Yes, writers can declutter!

Recently, I’ve been motivated to declutter the rooms where I move and live every day.  The minimalist trend seems to fit well with the kind of literary life I want to lead; with more room to create, more time to read and less unnecessary “stuff” hanging over and inside my head for both.
If we take, take, take “stuff” in, and we never let things go, sooner or later we’ll find ourselves overwhelmed by material “things” that only cost money to maintain, headaches and worries. It seems, we tend to forget that all the “things” we own only mean something because they are attached to great memories. So, as long as you keep the memories alive, you’d have plenty of inspiration to go on.
The weight of “things” gets you down. It physically and mentally binds you. And if we are tied to things that only take time and space away from us, how much energy is going to be left within us to give life to the new, the innovative, and the unique?
I’ve come to realize our outside environment paints a pretty close picture of what’s actually within.
As writers we must make a very personal choice about the kind of picture we are painting (“story we are writing” seems way more accurate) and if in fact we have the brush (well, pen) in our hand or we are letting somebody else make the strokes (umm…write the words).
I want to see a serene and calming picture, a picture with open spaces to wander and even get a little lost. Space to imagine, to think and to grow.

How to declutter out?

  • Have a meaningful/ personal reason to declutter. It won’t work if you don’t care. Don’t do it to please anybody else but yourself. Do it to achieve a goal, to embrace a new path, to rediscover a true purpose.
  • Take it one “thing” at a time. For most of us, the idea of giving our stuff away is difficult. We identify with everything we own, and sometimes hold onto things as a way to preserve the idea of “us” or of what we have been able to accomplish. But we are not our things. And maybe, we need to shed some stuff away to meet ourselves again.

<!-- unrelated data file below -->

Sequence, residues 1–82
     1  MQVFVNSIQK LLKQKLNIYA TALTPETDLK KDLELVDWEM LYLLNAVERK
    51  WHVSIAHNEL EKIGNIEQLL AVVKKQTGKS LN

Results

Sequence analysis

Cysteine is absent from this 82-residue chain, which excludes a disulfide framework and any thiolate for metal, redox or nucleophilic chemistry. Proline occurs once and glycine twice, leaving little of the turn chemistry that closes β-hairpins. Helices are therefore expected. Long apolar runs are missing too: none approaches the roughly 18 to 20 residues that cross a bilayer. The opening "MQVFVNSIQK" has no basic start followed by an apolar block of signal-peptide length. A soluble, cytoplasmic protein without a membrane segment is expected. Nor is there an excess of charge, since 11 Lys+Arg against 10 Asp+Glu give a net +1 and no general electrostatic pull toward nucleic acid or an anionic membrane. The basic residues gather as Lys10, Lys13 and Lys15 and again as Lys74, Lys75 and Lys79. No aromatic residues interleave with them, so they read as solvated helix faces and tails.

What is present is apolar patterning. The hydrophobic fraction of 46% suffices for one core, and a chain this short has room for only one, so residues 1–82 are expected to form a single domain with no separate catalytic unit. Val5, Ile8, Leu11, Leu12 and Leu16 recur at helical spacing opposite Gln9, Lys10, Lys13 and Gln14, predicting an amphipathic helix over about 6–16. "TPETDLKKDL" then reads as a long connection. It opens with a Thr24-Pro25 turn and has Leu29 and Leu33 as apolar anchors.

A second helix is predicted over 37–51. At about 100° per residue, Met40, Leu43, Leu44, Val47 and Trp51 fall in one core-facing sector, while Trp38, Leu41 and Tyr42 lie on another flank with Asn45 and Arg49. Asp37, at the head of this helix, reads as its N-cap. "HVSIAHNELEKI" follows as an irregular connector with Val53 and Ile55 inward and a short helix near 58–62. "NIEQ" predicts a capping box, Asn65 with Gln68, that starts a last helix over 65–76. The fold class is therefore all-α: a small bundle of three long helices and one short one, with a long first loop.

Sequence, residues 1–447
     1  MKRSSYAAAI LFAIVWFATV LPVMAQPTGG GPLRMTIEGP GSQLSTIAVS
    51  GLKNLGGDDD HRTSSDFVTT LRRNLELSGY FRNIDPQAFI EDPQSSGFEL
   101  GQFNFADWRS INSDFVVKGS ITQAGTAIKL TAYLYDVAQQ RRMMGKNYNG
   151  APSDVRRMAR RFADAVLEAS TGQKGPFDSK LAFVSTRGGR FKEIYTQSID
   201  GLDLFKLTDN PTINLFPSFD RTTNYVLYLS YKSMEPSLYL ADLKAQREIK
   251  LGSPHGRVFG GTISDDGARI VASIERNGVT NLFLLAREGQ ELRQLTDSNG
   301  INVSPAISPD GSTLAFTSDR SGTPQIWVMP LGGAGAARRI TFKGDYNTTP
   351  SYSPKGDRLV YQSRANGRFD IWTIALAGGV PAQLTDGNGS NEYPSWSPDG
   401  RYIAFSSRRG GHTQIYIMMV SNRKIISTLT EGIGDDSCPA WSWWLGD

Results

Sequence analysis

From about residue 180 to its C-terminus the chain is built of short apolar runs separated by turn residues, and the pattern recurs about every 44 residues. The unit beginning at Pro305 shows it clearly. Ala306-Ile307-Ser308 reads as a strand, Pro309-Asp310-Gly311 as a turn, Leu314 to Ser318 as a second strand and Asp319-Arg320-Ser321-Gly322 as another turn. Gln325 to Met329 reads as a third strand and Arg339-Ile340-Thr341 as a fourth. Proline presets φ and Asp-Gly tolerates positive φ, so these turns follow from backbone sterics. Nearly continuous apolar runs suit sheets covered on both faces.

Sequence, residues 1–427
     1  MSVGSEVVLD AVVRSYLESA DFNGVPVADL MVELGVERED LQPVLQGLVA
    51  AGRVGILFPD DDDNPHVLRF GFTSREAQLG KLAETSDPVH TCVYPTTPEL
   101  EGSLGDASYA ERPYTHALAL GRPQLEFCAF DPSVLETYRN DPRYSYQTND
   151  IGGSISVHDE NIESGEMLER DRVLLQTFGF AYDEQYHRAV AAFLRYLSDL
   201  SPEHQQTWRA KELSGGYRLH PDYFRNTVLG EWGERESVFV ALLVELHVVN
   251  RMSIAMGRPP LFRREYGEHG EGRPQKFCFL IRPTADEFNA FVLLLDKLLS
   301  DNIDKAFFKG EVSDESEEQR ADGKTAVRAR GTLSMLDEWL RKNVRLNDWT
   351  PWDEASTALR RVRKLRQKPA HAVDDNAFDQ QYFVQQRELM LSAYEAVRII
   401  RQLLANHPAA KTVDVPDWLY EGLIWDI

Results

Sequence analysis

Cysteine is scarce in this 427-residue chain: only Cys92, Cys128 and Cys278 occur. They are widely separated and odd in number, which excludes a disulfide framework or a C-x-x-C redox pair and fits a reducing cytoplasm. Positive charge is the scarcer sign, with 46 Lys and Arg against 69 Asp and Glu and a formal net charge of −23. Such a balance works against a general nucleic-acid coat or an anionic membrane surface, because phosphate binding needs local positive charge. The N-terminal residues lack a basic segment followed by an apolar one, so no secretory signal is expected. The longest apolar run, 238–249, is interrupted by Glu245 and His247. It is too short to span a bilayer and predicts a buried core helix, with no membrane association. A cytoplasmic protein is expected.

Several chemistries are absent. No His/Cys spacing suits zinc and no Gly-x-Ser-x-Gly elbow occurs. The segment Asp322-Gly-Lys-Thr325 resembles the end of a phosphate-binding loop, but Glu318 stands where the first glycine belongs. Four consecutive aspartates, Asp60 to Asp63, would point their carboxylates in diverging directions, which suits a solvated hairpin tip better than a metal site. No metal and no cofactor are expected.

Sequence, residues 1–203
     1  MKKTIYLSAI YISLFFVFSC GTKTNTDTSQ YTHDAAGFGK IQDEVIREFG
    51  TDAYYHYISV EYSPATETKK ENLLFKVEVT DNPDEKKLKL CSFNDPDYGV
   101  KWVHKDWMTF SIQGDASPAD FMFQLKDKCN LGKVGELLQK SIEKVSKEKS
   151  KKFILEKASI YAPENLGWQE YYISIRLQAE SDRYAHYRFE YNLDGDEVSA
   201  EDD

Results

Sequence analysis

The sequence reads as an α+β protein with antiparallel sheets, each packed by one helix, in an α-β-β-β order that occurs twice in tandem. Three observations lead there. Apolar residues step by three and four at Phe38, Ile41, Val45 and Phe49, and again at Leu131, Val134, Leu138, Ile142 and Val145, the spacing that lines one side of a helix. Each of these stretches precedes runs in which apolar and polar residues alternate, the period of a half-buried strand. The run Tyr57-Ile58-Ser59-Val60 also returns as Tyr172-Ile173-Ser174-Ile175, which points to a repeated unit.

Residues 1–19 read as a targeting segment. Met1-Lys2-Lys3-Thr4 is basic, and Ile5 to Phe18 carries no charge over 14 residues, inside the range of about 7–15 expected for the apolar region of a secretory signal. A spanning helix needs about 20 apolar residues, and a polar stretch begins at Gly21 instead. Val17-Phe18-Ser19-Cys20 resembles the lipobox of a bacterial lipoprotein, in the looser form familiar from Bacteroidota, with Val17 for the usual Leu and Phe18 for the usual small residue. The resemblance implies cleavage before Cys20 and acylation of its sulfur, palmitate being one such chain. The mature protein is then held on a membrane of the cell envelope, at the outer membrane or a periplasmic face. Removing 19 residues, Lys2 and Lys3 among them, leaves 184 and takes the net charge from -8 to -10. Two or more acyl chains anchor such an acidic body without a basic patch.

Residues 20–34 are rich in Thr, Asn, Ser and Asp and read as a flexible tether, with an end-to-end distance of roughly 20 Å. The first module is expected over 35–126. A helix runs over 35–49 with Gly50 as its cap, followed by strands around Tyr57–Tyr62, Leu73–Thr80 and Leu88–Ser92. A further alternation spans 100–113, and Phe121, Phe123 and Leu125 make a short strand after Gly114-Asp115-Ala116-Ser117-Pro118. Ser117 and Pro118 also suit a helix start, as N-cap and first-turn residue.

• Keep what fulfils a purpose. Everything that is broken or stained goes. Everything that no longer fits or feels uncomfortable to wear goes. Everything that you have more than one of goes. Everything that no longer works with your decor, your taste, your style, goes.
Once our space is free of the extra stuff we don’t need, we can move on to the most difficult part, editing out the stuff we don’t need in our minds.

How to declutter in?

  • Keep an idea’s log to free your mind from the stress of having to remember everything or the pain of forgetting something important; experiences and memories that can inspire a piece of writing.
  • Let go of negative thoughts, they are nothing but seeds of self-destruction. Everything that brings no joy, hope, happiness, motivation, etc into your life or the life of another. Even if you don’t say negative things, the mere thought would eats away your soul and occupies your time.
  • Allot time for free experimentation. Instead of going to buy “new” things, work on creating and learning. Give your mind a chance to work on whatever it catches its fancy, without the pressures of perfectionism and the constraint of deadlines.
There are some great minimalist lifestyle blogs and videos on Youtube. They inspire me daily to keep simplifying my own life and define what it means to be a minimalist. So far, it’s about living a purposeful life, an authentic life, one in which no amount of clutter will hide me from myself. One in which I get to know myself, express myself and show what I’m capable of. On in which I’m able to find myself, and not hide myself; from myself and from the world.
Do you have a minimalism resource that is working to inspire decluttering in your life? Share it with me below!
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